In the present work, overexpression of S6K recapitulated the proliferative and the cell size phenotype described in mice overexpressing a constitutively active form of Akt and mice with conditional deletion of TSC2 in β-cells (18,28,29). These results suggest that this kinase relates some of the proliferative and growth signals induced by Akt/mTOR. The effect of S6K on β-cell proliferation is also in agreement with recent findings implicating this kinase in insulinoma formation by Akt activation (14). The absence of β-cell mass changes, together with the results of Ki67, BrdU, and pH3 measurements, suggests that more β-cells enter the cell cycle, but G1-S progression is delayed by partial inhibition of the cyclin D/Cdk4 and cyclin E/Cdk2 complexes. The alteration in G1-S progression could be explained in part by increased levels of p16 and p27, respectively, and lower Cdk2 expression. The normal β-cell mass in this model could be explained by a balance between increased entry, but slow progression through the cell cycle combined with increased apoptosis and a long half-life of β-cells. The increase in p16 levels is intriguing, as this cell cycle inhibitor is a biomarker of aging and is elevated in aged β-cells (30). It is possible that continuous activation of S6K reproduces some of the abnormalities observed in aged β-cells. The augmented levels and nuclear localization of p27 observed in S6KCARIP mice were most likely caused by a negative feedback inhibition in IRS/Akt signaling. The decreased insulin/IRS/Akt signaling could alter p27 levels by several mechanisms, including FoxO1-mediated p27 transcription (31,32) and/or increases in p27 stability by GSK3β (33). Decreased IRS signaling induces nuclear p27 in β-cells from IRS2-deficient mice (34). The importance of p27 in regulation of the β-cell cycle in our model resembles the findings obtained in islets from models of diet-induced obesity and suggests that S6K signaling may be implicated in the β-cell failure observed in this model (34). Based on the current studies and published evidence, p27 levels are likely to be a marker for impaired IRS signaling in β-cells. This mechanism plays a pivotal role in regulating cell-cycle progression under normal conditions or in states of β-cell expansion (34). A major difference between the β-cell mass phenotype of βTSC2−/− and S6KCARIP mice is that β-cells from βTSC2−/− are probably less susceptible to inhibition in IRS signaling, as the mTOR activation in this model is downstream and not dependent on IRS signaling. In addition, the activation of the mTORC2/Akt pathway could activate survival signals.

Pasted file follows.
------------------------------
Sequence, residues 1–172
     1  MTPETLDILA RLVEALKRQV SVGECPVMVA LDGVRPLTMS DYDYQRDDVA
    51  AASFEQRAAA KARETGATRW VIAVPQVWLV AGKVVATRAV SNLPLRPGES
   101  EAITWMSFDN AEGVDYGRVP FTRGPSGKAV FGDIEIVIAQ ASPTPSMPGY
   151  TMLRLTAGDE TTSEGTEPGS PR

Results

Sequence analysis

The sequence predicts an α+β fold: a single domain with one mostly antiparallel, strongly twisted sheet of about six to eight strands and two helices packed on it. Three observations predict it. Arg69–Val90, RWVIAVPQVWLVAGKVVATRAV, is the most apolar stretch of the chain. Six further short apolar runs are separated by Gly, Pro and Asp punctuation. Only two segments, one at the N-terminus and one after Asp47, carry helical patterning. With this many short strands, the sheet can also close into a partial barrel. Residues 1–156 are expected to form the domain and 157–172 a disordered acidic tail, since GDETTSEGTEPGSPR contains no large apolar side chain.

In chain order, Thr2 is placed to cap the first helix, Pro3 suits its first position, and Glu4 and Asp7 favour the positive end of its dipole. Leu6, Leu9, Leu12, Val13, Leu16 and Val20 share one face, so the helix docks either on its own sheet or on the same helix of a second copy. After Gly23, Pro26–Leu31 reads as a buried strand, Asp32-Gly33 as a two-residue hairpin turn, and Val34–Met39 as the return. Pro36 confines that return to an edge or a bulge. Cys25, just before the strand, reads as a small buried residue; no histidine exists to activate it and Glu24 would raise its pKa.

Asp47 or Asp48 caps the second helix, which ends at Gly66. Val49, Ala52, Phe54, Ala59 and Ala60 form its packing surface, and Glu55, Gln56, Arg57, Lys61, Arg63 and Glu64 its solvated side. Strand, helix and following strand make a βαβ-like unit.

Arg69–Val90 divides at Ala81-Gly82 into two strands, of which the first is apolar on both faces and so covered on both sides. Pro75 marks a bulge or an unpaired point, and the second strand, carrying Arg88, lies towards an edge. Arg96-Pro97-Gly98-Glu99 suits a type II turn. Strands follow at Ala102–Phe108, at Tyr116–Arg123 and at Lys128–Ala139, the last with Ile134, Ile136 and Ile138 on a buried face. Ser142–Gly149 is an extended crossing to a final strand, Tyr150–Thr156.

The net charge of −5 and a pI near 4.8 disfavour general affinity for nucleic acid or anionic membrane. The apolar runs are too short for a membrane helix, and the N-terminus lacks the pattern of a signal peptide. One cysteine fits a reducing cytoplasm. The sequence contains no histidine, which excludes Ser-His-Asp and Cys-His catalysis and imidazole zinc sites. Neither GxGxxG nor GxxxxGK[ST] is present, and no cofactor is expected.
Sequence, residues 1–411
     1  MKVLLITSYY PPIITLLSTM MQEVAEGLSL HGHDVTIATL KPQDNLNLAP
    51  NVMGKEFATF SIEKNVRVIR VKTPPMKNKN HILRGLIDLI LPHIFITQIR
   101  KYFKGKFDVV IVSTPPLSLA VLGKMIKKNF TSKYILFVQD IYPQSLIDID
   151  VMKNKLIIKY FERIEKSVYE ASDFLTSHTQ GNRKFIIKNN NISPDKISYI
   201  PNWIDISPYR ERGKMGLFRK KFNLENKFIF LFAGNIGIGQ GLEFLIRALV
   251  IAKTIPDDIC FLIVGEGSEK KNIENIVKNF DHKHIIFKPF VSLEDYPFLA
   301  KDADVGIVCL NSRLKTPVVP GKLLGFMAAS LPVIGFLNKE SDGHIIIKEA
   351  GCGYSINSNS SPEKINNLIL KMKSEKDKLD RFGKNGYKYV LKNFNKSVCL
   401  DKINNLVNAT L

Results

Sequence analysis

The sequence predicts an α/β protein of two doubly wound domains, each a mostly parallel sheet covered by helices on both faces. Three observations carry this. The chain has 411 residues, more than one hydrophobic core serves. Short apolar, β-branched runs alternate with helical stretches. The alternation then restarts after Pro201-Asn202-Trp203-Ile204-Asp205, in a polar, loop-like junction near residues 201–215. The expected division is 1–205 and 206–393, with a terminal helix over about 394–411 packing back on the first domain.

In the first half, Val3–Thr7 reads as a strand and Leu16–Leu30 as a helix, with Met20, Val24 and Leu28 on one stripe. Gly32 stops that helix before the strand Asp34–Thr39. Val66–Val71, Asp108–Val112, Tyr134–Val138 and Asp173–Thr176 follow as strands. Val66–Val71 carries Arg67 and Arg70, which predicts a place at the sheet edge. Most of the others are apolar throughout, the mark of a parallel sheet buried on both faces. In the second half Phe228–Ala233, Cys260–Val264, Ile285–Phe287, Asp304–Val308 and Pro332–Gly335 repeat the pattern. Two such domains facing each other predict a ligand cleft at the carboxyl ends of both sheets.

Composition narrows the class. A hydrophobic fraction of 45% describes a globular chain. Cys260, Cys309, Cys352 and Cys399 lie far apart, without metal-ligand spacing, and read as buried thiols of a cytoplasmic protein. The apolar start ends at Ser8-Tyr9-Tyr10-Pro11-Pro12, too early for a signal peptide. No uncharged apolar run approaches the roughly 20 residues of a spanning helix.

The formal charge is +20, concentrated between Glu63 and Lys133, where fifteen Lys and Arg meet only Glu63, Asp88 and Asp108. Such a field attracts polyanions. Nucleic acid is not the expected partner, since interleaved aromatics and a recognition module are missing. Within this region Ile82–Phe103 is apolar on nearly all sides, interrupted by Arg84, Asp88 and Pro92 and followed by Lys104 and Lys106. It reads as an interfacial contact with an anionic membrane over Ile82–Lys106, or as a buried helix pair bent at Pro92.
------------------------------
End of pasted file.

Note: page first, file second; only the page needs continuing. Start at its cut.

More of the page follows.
The alteration of β-cell survival was the other major component observed by augmented S6K signaling in β-cells. The mechanism involved in apoptosis in these mice could be multifactorial, but our results are consistent with a critical role for a negative feedback of S6K on IRS1/IRS2/Akt signaling. The decreased Akt activity was characterized by decreased phosphorylation of Thr308, but not Ser473, suggesting alterations in PDK1 and not mTORC2 activity. Assessment of downstream Akt targets in islets from S6KCARIP mice implied that the inhibition of IRS2/Akt signaling observed in S6KCARIP induced apoptosis by activation of FoxO1 and GSK3β. Interestingly, Pdx1 levels in S6KCARIP mice were unchanged, suggesting that this is not a major contributor to the increased apoptosis in these mice (data not shown). The inhibition of IRS signaling by S6K-mediated phosphorylation and degradation of IRS1 signaling has been demonstrated in vivo and in vitro (15–17). Less is known about a feedback inhibition on IRS2 signaling, but recent data on INS1 cells suggest that IGF1 signaling downregulates IRS2 protein by activation of mTOR signaling (35). Our results show, for the first time, that S6K regulates IRS2 levels in vivo, and that this mechanism has major implications for regulation of survival and cell cycle progression in β-cells. The increased apoptosis observed in S6KCARIP mice was unexpected, as S6K has been shown to induce pro-survival signals by inhibiting BAD in lymphocytes (36). This discrepancy could be explained by the fact that β-cells are very sensitive to modulation of IRS2 levels, as demonstrated in mice deficient for IRS2 (37). The decreased survival in the S6K mice is in contrast to the absence of apoptosis in βTSC2−/− mice (18). These could be explained, at least in part, by the antiapoptotic effects induced by activation of the eIF4E and mTORC2 activation (21,38,39). Taken together, these studies suggest that β-cell insulin resistance induced by a negative feedback of S6K on IRS signaling not only affects cell cycle progression, but also impairs survival signals. However, activation of S6K signaling alone is not sufficient to induce β-cell failure and diabetes.